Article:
The Supreme Court on Tuesday said it would peruse documents provided by the CBI which, the agency claimed, reflected bank accounts and property details of former Finance Minister P Chidambaram’s son Karti Chidambaram. Karti is facing graft charges in connection with a Foreign Investment Promotion Board (FIPB) clearance to a media house.
The CBI reiterated that it had issued a lookout circular (LOC) against Karti as he had “tampered with evidence” during recent visits abroad and was apprehensive that he might repeat this if allowed to go again. A bench comprising Chief Justice of India Dipak Misra and Justices A M Khanwilkar and D Y Chandrachud said it would on Wednesday see the report the CBI had provided in sealed cover.
Representing the agency, Additional Solicitor General Tushar Mehta told the bench that the papers were “contemporaneous records” obtained during the probe and insisted that the court look into them. The apex court was hearing a CBI petition challenging an order of the Madras High Court staying the LOC against Karti. The agency had registered an FIR against him on May 15 this year, alleging irregularities in FIPB clearance to INX Media for receiving overseas funds when Chidambaram was finance minister.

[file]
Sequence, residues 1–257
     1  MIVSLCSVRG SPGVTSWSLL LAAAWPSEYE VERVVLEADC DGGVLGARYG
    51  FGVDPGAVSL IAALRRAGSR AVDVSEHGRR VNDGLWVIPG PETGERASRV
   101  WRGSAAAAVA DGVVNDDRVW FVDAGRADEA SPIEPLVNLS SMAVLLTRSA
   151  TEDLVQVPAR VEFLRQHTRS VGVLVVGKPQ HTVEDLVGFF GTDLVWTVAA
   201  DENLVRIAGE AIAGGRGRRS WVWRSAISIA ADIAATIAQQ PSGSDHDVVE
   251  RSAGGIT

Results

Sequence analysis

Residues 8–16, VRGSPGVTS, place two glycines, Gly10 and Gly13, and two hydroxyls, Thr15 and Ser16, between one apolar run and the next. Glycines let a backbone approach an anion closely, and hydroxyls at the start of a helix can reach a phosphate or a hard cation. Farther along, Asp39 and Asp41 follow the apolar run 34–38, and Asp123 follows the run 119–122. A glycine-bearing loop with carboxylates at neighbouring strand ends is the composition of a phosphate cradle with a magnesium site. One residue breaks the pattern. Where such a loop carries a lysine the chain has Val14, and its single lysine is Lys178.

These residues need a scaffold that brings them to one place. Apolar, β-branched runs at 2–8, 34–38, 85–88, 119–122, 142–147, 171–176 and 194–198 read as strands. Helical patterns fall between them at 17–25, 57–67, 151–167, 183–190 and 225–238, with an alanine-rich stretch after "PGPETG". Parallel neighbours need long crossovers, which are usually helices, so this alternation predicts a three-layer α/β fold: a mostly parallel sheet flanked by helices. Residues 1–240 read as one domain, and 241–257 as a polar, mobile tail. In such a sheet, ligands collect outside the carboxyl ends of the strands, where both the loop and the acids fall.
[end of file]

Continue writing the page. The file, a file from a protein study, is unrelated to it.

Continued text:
Karti had filed an affidavit in the case on Monday saying that the ASG had made “several comments” against him in court. Mehta objected, saying that “lawyers make their submissions on behalf of clients. They don’t make comments. This is a little arrogant way of filing an affidavit.”
Producing the CBI report, the ASG said, “It would be travesty of justice if this court does not look into the sealed cover and see whether my statements of facts are correct or not.” Senior advocate Kapil Sibal, representing Karti, opposed the CBI’s submissions and said these documents were not linked to the case and hence he too should have a copy if the court looks into them.
Justice Khanwilkar pointed out that the agency’s contention was that this was part of the case diary. Mehta seconded this, but Sibal stuck to his position saying “no, that is separate offence”. After hearing the submissions, the bench told Mehta, “we will see the documents tomorrow”.